At the end of this conversation, the professional who conducts the assessment can make a proper diagnosis and recommend treatment options.

Drug Addiction Quiz If you’re not sure that you have a problem, or if you’re having trouble deciding if you should schedule an appointment for an assessment, here are a few questions to ask yourself:

  1. Do you ever use drugs secretly or when you are alone?
  2. Have you ever tried to stop using drugs, but were incapable of doing so?
  3. Do you need to use drugs to experience pleasure or to cope with emotional pain?
  4. Do you spend a lot of time thinking about or trying to obtain substances to use?
  5. Has your drug use caused problems at work, in school, or at home?
  6. Do you experience a craving or a strong desire to use substances?
  7. Have you ever lied to friends or family members about the amount or frequency of your drug use?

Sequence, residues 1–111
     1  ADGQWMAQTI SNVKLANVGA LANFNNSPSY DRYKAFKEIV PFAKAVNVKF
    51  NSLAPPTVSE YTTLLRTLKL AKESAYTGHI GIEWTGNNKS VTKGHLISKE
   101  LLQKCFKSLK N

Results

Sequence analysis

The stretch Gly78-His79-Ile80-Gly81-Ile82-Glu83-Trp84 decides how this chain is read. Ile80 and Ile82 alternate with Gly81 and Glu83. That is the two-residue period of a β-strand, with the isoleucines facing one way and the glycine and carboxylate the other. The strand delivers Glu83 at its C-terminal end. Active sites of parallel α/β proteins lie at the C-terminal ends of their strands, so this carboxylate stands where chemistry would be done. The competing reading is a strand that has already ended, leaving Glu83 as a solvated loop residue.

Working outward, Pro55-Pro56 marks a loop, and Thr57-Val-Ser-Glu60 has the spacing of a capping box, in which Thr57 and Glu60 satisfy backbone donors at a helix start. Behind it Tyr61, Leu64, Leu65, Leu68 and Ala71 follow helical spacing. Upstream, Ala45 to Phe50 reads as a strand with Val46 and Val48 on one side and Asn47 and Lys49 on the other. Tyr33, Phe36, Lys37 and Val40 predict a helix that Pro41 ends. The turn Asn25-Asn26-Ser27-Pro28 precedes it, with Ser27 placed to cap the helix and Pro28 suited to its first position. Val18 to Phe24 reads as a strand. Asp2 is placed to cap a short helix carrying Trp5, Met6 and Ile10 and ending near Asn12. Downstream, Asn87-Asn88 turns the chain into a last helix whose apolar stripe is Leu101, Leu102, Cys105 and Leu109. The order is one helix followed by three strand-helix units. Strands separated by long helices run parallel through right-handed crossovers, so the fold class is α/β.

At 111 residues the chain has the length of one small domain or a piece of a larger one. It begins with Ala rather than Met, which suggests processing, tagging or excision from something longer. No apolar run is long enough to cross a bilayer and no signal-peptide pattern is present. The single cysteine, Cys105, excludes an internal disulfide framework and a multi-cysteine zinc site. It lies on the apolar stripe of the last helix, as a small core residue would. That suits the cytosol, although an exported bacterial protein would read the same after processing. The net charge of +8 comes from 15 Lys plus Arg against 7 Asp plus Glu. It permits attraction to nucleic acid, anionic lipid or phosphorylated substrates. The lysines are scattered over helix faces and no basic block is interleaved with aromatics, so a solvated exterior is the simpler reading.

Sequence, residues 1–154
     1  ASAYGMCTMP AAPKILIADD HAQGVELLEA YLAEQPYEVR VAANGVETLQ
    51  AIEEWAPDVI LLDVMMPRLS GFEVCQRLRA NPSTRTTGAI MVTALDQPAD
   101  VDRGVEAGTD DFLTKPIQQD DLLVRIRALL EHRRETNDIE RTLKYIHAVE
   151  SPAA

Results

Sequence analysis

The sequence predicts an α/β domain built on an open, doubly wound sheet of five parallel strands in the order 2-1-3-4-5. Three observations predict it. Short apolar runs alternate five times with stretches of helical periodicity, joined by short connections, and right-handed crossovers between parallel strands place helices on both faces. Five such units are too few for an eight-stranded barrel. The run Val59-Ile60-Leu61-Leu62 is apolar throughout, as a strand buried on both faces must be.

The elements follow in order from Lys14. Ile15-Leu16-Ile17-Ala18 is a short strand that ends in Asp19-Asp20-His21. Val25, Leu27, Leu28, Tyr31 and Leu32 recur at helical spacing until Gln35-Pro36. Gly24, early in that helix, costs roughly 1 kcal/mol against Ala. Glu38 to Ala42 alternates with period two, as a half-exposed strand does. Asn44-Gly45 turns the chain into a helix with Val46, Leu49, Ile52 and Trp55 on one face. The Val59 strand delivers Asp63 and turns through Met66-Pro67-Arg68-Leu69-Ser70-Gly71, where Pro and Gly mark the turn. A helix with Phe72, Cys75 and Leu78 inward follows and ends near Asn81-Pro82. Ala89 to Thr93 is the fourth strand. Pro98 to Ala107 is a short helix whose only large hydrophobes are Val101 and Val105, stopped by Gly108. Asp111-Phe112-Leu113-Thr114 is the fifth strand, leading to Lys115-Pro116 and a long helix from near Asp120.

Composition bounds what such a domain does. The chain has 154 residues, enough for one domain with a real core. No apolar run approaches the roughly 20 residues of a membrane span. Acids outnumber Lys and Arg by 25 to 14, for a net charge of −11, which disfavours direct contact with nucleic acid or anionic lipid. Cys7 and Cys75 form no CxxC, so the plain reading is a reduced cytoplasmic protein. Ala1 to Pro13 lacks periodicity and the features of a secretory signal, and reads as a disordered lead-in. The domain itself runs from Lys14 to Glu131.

8. Have friends or family members ever expressed concerns about your drug use?
  9. Have you ever felt guilty or ashamed about your drug use?
  10. Have you used substances in physically hazardous situations (such as driving, operating heavy machinery, taking care of small children, etc.)?
  11. Do you think you might be addicted to alcohol or another drug?
  12. Do you experience withdrawal symptoms when you stop using the substance OR do you use substances to avoid withdrawal symptoms?
  13. Have you ever taken substances in larger amounts or for longer than you intended?
  14. Have you stopped or reduced important social, occupational, or recreational activities due to substance use?
  15. Have you found that over a period of time, it takes more of the substance to achieve the same effect or that the same amount produces a diminished effect?

If you answered yes to any 2-3 of these questions, you may be struggling with addiction, and you should consult with a professional.